Naperville

State Week logo (capitol dome)
Brian Mackey / NPR Illinois

Naperville government prohibits recreational sales of the drug in the community. Corruptions charges are formally dropped against former Congressman Aaron Schock. And a vocal conservative lawmaker says he won’t seek reelection.

Courtesy of the Walgren Family

Illinois House lawmakers passed legislation requiring a parent be present when students are questioned or detained in connection to a crime.

Panel at forum.
UIS Office of Electronic Media / NPR Illinois 91.9 UIS

Watch this Illinois Issues Forum from Naperville.  Our 2018 election coverage continues with a discussion of economic development in the collar counties of Chicago and how the state issues influence their well-being.

This forum is produced and hosted by NPR Illinois with support provided by AARP Illinois. 

Amanda Vinicky / Larry Morrissey, Rockford, mayor

Though political fighting at the statehouse and the lack of a complete budget meant it was haphazard, municipalities got much of their state funding this year. But Illinois is set to begin a new fiscal year Friday with no spending plan in place. That has local officials worried.

Mahomet Village President Sean Widener says it's a matter of stability.

"We need a state budget, we need road construction projects to continue, we need local governance to continue without further delay. And most importantly we need to restore the confidence for all the citizens in the state."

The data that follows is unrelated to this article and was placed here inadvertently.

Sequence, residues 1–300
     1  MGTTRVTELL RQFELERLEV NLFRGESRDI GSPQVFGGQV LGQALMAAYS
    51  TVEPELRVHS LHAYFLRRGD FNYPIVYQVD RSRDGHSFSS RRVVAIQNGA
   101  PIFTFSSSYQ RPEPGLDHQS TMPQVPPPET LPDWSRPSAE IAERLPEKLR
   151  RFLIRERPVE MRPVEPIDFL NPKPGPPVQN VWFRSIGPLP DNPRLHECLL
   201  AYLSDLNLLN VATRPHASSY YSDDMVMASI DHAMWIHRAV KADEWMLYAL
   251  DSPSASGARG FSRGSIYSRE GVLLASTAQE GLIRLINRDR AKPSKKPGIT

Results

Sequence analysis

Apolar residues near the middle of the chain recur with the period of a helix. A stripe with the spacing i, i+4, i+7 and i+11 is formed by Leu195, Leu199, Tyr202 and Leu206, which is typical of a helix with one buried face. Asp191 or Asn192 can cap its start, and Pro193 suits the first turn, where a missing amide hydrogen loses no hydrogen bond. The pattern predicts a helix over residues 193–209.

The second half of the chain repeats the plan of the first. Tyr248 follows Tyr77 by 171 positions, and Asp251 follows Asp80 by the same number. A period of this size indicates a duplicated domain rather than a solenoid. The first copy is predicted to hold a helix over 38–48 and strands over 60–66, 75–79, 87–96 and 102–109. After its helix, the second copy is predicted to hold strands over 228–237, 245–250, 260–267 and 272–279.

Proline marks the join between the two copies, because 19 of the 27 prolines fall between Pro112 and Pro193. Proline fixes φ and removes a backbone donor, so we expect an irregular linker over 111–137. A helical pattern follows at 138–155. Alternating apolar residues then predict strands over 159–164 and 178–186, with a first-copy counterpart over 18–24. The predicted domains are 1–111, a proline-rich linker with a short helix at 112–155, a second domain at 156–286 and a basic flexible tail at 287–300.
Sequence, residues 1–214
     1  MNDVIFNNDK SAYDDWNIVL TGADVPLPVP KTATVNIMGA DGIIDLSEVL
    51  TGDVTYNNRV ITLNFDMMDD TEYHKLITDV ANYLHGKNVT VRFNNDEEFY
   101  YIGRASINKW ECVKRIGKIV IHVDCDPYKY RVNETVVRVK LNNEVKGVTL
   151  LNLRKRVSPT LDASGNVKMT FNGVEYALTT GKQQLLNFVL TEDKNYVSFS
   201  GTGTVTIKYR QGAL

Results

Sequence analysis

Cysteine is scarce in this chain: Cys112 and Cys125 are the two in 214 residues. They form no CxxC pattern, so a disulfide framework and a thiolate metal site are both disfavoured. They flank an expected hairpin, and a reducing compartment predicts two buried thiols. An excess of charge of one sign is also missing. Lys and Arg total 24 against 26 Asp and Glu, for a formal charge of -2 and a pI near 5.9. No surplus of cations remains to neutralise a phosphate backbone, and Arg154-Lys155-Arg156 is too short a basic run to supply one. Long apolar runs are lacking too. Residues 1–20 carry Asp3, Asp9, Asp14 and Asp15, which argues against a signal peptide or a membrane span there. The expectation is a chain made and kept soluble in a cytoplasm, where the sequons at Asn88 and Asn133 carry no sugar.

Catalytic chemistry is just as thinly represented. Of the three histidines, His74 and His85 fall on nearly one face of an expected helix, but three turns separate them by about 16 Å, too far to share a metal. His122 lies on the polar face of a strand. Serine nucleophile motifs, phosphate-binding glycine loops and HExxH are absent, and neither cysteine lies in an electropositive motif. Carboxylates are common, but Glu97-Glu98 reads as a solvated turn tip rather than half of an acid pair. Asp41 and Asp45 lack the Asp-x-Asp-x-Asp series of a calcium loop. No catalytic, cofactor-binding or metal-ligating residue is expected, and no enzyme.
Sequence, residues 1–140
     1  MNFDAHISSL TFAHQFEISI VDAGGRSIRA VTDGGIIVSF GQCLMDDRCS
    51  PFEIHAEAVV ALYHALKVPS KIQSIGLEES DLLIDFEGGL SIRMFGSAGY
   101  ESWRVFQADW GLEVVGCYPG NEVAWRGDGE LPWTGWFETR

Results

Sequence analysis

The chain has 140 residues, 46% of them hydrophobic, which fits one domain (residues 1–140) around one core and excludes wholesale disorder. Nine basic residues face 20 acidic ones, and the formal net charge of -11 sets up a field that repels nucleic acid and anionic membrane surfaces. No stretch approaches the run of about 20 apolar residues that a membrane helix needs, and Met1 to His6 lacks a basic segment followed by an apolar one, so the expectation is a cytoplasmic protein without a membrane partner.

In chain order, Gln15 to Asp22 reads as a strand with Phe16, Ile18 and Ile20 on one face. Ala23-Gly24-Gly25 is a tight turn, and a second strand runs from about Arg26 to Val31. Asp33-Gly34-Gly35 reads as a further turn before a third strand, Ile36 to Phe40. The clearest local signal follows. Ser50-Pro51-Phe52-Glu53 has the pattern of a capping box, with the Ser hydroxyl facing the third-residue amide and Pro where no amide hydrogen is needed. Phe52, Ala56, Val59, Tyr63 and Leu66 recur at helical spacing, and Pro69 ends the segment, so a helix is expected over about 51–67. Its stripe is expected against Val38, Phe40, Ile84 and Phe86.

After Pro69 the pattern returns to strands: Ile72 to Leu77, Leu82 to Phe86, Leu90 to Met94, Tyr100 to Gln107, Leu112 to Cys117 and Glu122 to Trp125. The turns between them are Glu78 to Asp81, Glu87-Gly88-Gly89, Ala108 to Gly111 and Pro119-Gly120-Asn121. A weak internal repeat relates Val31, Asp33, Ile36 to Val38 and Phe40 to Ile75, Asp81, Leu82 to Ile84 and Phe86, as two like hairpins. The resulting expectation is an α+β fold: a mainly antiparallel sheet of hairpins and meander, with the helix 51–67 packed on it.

ilga.gov

While much of the attention was focused on pensions, state legislators yesterday also dealt with measures intended to get a trio of companies to call Illinois home. But they only got halfway there.

Decatur-based Archer Daniels Midland is shopping for a new world headquarters. The agribusiness giant may well choose Chicago; but it wants a tax break from Illinois, like in a measure approved by the Senate.

A couple of decades ago, Naperville’s teachers were unlikely to encounter a child carrying an ornamental sword to school, or a parent who doesn’t understand that an art shirt is a painting smock, or a boy getting teased because his first name is Fuk, a good luck word in Chinese.

But these days such cultural collisions are regular occurrences in the far western suburb of Chicago.